• The aggregate amount of the transaction price allocated to the performance obligations that are unsatisfied as of the end of the reporting period.
  • An explanation of when the entity expects to recognize such revenue in either of the following ways:
    – On a quantitative basis using the time bands based on the duration of the remaining performance obligations, or
    – Disclosing qualitative information.

An entity will not need to disclose the aforementioned information for a performance obligation if either of the following conditions is met:

  • The contract has an original expected duration of one year or less, or
  • The entity recognizes revenue in an amount that corresponds directly with the value of the performance completed to date (for example, an entity bills a fixed amount for each hour of service provided).

If an entity has performance obligations that are satisfied over time, the entity should disclose the following:

  • The methods used to recognize revenue. For example, costs incurred relative to the total expected costs or charges incurred relative to the total expected charges.
  • For public entities, an explanation of why the methods used provide an accurate depiction of the transfer of goods or services.

Assets Recognized from the Costs to Obtain or Fulfill a Contract with a Customer

If a public entity capitalized costs to obtain or fulfill a contract (for example, a CCRC), it will be required to make the following disclosures:

  • Description of the judgments made in determining the amount of the costs incurred to obtain or fulfill a contract.
  • Description of the method to determine the amortization for each reporting period.
  • The closing balances of assets recognized from the costs incurred by main category of asset (for example, costs to obtain contracts, pre-contract costs, and setup costs).
  • The amount of amortization and any impairment losses recognized in the reporting period.


Healthcare entities will be required to expand disclosures regarding revenue from contracts with customers. Public entities (including not-for-profit entities with public debt) will be required to provide both qualitative and quantitative information about: (1) contracts with customers and the related account balances; (2) performance obligations; (3) significant judgments made in applying ASC 606; and (4) assets recognized from the costs to obtain or fulfill a contract. Non-public entities will have the option to provide the same or more streamlined disclosures with less of a focus on quantitative disclosures.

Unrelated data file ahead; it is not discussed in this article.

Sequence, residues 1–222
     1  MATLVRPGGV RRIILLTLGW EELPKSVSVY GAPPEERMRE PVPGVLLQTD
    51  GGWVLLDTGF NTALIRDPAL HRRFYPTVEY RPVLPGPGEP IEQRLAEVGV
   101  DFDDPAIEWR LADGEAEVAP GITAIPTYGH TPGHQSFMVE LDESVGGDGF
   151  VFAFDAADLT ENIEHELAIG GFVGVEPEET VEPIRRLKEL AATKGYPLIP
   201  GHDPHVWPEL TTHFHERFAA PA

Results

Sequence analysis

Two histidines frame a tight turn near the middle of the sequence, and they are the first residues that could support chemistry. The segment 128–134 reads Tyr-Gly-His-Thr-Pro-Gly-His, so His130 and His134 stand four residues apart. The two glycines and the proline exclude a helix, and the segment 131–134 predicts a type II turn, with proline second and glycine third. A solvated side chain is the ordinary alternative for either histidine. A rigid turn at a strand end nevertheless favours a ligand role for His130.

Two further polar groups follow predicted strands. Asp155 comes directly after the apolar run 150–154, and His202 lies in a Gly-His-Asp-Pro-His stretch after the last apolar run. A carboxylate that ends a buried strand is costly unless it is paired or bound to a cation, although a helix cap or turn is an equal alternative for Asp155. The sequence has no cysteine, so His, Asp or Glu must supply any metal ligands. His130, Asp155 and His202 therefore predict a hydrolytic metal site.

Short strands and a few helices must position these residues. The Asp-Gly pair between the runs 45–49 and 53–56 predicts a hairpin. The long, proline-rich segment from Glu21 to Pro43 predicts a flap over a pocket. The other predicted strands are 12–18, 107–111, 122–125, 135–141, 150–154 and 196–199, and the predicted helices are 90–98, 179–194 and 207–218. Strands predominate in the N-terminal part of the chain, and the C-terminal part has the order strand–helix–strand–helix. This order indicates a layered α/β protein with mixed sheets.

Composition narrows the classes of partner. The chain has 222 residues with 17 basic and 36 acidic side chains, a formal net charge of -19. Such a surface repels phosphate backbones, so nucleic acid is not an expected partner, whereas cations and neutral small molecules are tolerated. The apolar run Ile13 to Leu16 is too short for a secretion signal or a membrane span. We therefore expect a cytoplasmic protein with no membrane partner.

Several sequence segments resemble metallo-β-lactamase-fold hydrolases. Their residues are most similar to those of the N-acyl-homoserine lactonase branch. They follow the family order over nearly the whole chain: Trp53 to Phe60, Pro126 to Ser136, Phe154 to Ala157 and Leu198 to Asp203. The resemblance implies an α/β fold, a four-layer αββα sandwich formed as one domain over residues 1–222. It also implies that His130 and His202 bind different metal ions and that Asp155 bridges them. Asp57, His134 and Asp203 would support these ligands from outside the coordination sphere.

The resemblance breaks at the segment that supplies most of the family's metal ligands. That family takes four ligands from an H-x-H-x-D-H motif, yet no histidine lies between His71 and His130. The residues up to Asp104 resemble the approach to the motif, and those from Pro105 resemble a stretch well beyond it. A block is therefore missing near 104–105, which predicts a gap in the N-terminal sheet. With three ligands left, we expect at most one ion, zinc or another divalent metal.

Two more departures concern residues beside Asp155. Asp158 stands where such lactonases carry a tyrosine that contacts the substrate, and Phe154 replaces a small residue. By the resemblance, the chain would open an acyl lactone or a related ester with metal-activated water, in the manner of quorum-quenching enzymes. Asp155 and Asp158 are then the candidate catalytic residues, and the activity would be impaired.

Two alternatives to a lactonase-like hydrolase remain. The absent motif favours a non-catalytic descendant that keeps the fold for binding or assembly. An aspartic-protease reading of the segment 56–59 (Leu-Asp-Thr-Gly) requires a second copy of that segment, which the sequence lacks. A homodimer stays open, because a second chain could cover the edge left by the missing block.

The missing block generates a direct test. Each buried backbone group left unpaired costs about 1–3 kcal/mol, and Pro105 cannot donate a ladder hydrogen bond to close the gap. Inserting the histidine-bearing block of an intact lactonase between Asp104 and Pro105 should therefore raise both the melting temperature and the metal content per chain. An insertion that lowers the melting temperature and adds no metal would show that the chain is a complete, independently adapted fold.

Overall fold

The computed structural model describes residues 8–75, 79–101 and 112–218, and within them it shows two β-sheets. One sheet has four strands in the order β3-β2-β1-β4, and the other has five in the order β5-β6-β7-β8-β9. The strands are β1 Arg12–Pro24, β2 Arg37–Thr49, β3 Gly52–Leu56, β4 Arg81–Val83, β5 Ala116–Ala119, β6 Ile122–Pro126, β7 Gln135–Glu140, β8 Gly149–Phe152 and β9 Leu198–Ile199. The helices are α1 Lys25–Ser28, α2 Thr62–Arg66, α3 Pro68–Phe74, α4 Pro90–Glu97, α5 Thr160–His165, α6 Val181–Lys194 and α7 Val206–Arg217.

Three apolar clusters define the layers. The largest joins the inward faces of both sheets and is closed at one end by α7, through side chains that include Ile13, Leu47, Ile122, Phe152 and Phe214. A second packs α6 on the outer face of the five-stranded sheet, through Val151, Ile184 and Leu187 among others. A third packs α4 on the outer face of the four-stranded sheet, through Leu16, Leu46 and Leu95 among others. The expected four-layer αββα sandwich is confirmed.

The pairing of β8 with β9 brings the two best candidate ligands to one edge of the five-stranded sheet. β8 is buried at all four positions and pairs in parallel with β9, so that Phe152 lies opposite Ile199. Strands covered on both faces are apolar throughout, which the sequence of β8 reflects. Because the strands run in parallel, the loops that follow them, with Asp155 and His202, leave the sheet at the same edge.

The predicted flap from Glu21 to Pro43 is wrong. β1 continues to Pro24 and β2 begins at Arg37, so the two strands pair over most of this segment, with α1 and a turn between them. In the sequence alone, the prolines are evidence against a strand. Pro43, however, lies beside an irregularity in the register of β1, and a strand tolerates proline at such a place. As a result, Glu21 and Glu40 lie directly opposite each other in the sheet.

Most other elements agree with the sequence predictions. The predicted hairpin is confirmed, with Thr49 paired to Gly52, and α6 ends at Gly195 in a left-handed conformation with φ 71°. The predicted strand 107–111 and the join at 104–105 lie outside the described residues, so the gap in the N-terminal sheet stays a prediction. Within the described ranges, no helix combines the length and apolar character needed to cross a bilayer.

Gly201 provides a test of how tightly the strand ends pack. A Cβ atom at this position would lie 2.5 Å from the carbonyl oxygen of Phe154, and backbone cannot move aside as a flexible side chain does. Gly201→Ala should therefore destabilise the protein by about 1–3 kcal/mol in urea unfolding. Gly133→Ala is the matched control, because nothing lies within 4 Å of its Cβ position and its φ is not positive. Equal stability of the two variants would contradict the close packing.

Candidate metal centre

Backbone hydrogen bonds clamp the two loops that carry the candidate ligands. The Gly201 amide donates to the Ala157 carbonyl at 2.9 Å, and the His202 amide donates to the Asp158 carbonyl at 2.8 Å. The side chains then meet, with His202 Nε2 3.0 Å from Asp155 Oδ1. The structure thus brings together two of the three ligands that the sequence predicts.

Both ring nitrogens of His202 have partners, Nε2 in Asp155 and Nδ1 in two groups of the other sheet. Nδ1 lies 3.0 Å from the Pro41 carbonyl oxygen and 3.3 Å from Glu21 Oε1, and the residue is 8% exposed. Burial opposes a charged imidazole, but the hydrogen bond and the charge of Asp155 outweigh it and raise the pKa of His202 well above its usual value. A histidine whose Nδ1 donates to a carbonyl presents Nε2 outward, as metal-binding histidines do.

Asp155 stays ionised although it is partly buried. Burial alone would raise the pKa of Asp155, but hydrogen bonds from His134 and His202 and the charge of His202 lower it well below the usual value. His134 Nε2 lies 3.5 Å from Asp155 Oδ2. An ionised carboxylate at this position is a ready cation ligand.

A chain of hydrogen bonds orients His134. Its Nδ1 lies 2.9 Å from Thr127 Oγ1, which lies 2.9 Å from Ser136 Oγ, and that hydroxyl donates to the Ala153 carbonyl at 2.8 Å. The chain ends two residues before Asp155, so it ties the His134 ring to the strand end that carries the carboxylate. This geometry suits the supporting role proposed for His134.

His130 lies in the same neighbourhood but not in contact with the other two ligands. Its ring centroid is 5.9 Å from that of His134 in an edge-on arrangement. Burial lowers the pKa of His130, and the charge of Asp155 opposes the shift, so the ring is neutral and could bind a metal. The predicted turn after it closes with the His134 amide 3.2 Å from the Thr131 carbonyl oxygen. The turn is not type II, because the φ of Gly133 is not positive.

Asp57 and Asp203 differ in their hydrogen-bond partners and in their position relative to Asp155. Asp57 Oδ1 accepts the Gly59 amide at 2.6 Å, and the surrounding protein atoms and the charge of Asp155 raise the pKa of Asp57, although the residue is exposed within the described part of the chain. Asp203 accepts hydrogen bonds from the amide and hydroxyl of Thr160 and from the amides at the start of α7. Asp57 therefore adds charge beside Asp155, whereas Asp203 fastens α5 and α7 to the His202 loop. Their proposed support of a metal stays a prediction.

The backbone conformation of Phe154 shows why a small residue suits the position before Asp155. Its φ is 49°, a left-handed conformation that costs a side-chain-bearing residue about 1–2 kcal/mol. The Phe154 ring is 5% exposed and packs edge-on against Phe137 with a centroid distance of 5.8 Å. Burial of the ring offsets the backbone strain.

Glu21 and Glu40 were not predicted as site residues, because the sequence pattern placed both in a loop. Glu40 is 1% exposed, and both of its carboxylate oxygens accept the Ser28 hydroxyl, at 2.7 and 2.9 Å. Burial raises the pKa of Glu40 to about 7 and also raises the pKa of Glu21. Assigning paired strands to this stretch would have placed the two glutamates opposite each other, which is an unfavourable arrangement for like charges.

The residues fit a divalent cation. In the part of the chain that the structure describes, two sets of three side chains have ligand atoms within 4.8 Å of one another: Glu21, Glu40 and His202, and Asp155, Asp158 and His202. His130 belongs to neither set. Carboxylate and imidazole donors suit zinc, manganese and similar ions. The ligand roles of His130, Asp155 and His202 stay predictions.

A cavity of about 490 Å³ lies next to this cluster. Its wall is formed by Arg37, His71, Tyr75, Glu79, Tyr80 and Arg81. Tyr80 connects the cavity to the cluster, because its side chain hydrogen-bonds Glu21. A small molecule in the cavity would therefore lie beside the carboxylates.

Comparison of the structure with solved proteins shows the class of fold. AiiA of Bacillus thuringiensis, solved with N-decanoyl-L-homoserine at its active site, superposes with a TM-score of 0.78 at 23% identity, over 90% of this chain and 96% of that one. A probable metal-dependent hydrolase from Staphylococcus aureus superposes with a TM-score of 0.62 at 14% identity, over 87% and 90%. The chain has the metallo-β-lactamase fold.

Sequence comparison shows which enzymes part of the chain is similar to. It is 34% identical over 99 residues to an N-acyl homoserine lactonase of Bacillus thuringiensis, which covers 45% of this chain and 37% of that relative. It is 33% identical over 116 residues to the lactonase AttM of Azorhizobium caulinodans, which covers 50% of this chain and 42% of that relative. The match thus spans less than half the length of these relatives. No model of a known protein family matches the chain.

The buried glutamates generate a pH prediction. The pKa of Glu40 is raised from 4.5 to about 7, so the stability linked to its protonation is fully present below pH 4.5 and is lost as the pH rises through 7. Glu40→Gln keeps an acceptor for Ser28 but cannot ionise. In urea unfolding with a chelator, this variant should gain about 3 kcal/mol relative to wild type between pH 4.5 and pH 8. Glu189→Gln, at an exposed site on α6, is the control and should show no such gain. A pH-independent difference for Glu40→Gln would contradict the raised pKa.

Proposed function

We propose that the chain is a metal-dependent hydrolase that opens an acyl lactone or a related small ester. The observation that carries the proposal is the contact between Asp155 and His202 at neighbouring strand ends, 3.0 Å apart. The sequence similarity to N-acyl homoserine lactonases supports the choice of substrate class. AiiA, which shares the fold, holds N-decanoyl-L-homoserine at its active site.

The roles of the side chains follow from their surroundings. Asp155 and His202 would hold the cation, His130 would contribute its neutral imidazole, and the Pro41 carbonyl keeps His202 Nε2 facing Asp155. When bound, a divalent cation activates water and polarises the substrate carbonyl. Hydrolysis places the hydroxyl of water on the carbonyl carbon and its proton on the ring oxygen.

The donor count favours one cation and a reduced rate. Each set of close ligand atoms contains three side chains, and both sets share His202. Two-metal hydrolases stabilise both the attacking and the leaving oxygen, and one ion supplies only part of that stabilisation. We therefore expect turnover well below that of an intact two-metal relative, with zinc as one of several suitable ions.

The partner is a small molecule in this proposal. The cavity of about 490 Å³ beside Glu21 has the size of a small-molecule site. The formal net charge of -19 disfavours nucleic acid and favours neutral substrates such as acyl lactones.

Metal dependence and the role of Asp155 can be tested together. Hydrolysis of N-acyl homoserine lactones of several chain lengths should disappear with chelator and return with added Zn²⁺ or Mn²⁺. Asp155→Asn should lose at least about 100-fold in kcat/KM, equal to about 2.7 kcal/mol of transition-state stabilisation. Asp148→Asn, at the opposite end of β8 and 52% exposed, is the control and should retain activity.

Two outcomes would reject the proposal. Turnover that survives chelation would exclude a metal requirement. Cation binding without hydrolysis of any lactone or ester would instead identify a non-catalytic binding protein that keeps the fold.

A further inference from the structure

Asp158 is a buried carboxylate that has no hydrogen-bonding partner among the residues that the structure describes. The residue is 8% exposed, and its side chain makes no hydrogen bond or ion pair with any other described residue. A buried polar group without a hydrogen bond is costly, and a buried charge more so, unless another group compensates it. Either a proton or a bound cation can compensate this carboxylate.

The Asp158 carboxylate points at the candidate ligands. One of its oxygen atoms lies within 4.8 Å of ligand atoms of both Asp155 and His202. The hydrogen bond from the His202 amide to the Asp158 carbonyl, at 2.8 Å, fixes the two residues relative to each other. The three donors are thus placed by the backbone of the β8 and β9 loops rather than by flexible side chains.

When determining how to disaggregate revenue for disclosure purposes, an entity should consider how the information will be utilized by investors, regulators, lenders, and others to evaluate the entity’s financial performance, in order to present meaningful information.

The new disclosures focus on the estimation process and the judgments that play an integral role in the determination of the amount of revenue to be recognized.

The disclosure requirements under ASC 606 significantly exceed the current GAAP requirements. Healthcare entities should ensure that they have systems, internal controls, and procedures in place to accumulate the information required to satisfy these new presentation and disclosure requirements.

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Christopher  Jackson

Christopher Jackson


  • Assurance
  • Hartford, CT